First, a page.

Amman- Al-Rukban camp has been without flour for three days, a consequence of Damascus’s tightening siege on it, leaving the 12,000 residents who remain there to rely on smugglers for food.
A picture of a piece of bread sent to Syria Direct by Ali al-Qurawani, a 35-year-old father of three from eastern Homs and current resident of al-Rukban, serves as a grim summary of the situation in the camp.
“I bought a kilo of bread [approximately eight loaves] for 250 Syrian Lira ($ 0.45). But as you can see, the loaves are small and brown-colored. They’re made badly,” said al-Qurawani.
According to al-Qurawani, his family needs “4 kilos of bread a day, however the shortage of flour and increased price of bread has made this likely impossible in the coming days.”
A picture of the bread produced in al-Rukban, Monday. Source: Ali al-Qurawani
Officials and residents of al-Rukban told Syria Direct that there has been no flour in the camp for three days, a result of the government siege. Damascus has prevented any food from entering the camp, though small amounts have been smuggled in despite the blockade.
“[One of the two] camp’s bakeries has stopped operating,” Amr al-Shawy, a media activist inside al-Rukban, told Syria Direct. “The [one still operating] produces bread, but of bad quality. They mix the wheat flour with barley feed meant for livestock.”
Syria Direct was unable to confirm if the allegation of mixing livestock feed with flour is true.
Syrian government forces began the siege on al-Rukban in February 2019, after announcing the formation of a Russian-led “reconciliation council” and opening humanitarian corridors to facilitate the return of internally displaced Syrians from the camp to government-controlled areas.
The dreadful living conditions in al-Rukban have forced thousands to make the journey to government-controlled territories through humanitarian corridors set up by Damascus and Moscow.
“Close to 70% of al-Rukban’s residents have returned [to government-controlled territories] since last March,” Faisal al-Hadar, the director of al-Rukban’s civil administration, told Syria Direct.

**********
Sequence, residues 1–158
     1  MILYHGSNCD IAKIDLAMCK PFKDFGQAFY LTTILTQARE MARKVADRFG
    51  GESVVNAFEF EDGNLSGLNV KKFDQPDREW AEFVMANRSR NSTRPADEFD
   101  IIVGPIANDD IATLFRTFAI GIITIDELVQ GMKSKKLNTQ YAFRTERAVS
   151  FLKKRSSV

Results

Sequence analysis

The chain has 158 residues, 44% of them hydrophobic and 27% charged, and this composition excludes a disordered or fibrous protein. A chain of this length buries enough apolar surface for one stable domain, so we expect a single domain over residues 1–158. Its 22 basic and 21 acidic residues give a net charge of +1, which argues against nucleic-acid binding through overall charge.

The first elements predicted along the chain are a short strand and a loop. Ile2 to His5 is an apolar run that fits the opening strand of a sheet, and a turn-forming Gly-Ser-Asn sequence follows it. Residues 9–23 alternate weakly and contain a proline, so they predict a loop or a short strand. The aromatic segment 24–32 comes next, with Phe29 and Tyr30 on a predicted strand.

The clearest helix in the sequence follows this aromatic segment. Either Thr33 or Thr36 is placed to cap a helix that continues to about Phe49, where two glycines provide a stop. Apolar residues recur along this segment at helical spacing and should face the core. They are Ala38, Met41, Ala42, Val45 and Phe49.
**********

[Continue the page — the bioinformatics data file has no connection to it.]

“The current number [of residents] in al-Rukban is no more than 12,000. Before opening [the humanitarian corridors] and blocking the provision of basic supplies to [the camp], there were more than 40,000 residents.”
Al-Hadar noted that “those who left the camp, did so out of necessity as a result of the deteriorating living conditions.”
Syrian government forces have tightened the blockade, preventing trucks from smuggling goods into the camp. This has led to a shortage of basic goods and foodstuffs in the camp and an “insane” rise in prices, according to al-Qurawani.
“The average price for cucumbers, tomatoes, and zucchinis is 750 Syrian Lira per kilo ($1.35). The price for a four-liter bottle corn oil can reach up to 4500 Syrian Lira ($8.20),” al-Qurawani told Syria Direct. These prices are considered quite high for Syria, especially given the fact that there are little-to-no work opportunities in the camp.
The last aid caravan entered al-Rukban in February 2019 and was made up of 100 trucks carrying foodstuffs, vaccinations, and winter clothing.
“What will be the camp’s fate?”
In Ali al-Qurawani’s neighborhood in al-Rukban, there is little hope for the camp’s long-term future. The situation has grown particularly bleak as al-Qurawani’s neighbors left in droves, leaving the neighborhood “almost empty.”
Al-Qurawani does not know if one day he will too make the decision to return to the government-controlled territories.
“There is danger all around us, and if you make the decision to return, you have to deal with that danger,” al-Qurawani said. “If you decide to stay, you have to deal with the [bad] quality of the bread and the high prices here.”
“The number of residents leaving [al-Rukban] each week ranges between 400 and 500 people,” Faisal al-Hadar told Syria Direct.
An official in al-Rukban, speaking under the condition of anonymity, told Syria Direct that there has been discussions with the Jordanian side about the humanitarian situation within the camp, but that no action has been taken yet.
According to al-Hadar, the civil administration in al-Rukban is unable to meet the needs of the residents in the camp and can only direct residents’ appeals for help to aid organizations. However, until now, “there has been no answer” to these appeals.
“The civil administration has not given us anything,” Ali al-Qurawani told Syria Direct. “We have no idea what their role is in helping us solve this crisis.”
“We don’t know where this road will lead us!”